The SCOTUS decision, authored by Justice Anthony Kennedy, while reversing the Colorado Court’s striking down of the portion of the anti-gay law repealing gay rights legislation, upheld the portion of the state court’s decision striking  down the section forbidding the state government from enacting gay rights laws in the future. The judge in the Alachua County case responded by treated the Alachua County initiative similarly: uphold the repeal of gay rights protection but invalidated the prohibition against passing any such measure in the future.

Although the future was left open, for the time being gay rights advocates unfortunately had to settle for inclusion of sexual orientation in the City of Gainesville’s anti-discrimination ordinance and inclusion of gender identity later. People were thus protected from discrimination on those bases in  Gainesville but not in the rest of the county. For nineteen years lesbians, gays, bisexuals, and the transgendered had no recourse at the county level.

That was how things stood until June 25, when the County Commission voted 4-1 to vote, on Aug. 13, on once again including sexual orientation, and this time gender identity as well, in the county anti-discrimination ordinance where they belong, the dissenting vote coming from the lone Tea Partier on the commission. Romer v. Evans has finally led to the opportunity to rectify the wrong that was done in 1994.

The time for this action has come. Actually, it came long ago but was thwarted by a vocal, well-funded minority. It is indeed past time for lesbians, gays, bisexuals, and the transgendered to get their due, to be granted equal protection under the law. Alachua County and Gainesville should be ahead of the curve on progressive change. Hopefully the county commission will put Alachua County there on LGBT rights.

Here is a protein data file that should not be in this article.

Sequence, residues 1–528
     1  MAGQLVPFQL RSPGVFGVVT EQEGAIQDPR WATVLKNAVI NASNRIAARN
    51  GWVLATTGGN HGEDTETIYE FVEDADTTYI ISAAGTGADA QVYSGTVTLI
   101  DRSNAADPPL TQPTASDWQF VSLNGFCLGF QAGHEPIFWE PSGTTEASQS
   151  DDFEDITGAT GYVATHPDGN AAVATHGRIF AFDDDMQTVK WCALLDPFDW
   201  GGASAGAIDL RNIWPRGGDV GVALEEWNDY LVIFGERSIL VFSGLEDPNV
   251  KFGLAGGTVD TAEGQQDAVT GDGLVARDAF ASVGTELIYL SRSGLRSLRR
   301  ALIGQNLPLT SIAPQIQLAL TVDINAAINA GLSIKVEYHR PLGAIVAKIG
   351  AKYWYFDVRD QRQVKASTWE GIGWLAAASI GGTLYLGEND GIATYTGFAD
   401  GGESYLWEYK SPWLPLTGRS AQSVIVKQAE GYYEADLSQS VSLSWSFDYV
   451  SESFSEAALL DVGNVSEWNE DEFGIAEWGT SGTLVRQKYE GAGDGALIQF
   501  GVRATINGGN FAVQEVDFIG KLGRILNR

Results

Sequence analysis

Dream Defenders gain hearing on ” Stand Your Ground Law”

A valiant group of activists who are members of Dream Defenders are staging a sit-in at the State Capitol in Tallahassee, Florida. They are demanding a special session to repeal the infamous “Stand Your Ground Law”, which appears to have been incorporated into the judge’s instructions to the jury in the trial of George Zimmerman for the shooting death of Trayvon Martin (check out the livestream at ustream.tv/recorded/36789195). The demonstrators met with rogue Governor Rick Scott, but he refused to hold a special session. The Speaker of the Florida House, however, announced a hearing on SYG.

This hearing is a victory for the Dream Defenders and everyone upset by Zimmerman’s acquittal, but it is a very small one; it falls far short of a special session and no legislation was promised. What has been conceded is thus a tiny opening in what will likely be a prolonged struggle.

This struggle is for justice for Trayvon Martin, for sane law that does not allow someone like Zimmerman to get away with stalking an innocent teenager by claiming self defense in the confrontation provoked by that stalking, for a society in which African-Americans and members of other minority groups would not have to live in fear of losing their lives at the hands of those charged with protecting them.

Changing or repealing SYG is but the beginning of the struggle. We must change the attitude that led to Trayvon Martin’s death, the state of mind which causes whites to selectively fear nonwhites but deny race as a factor. We must break through such fear and denial. We must also prevent the steamrolling of nonwhites by whites on the issues involved, as usually happens. Minority concerns are as important as those of whites and merit equal consideration.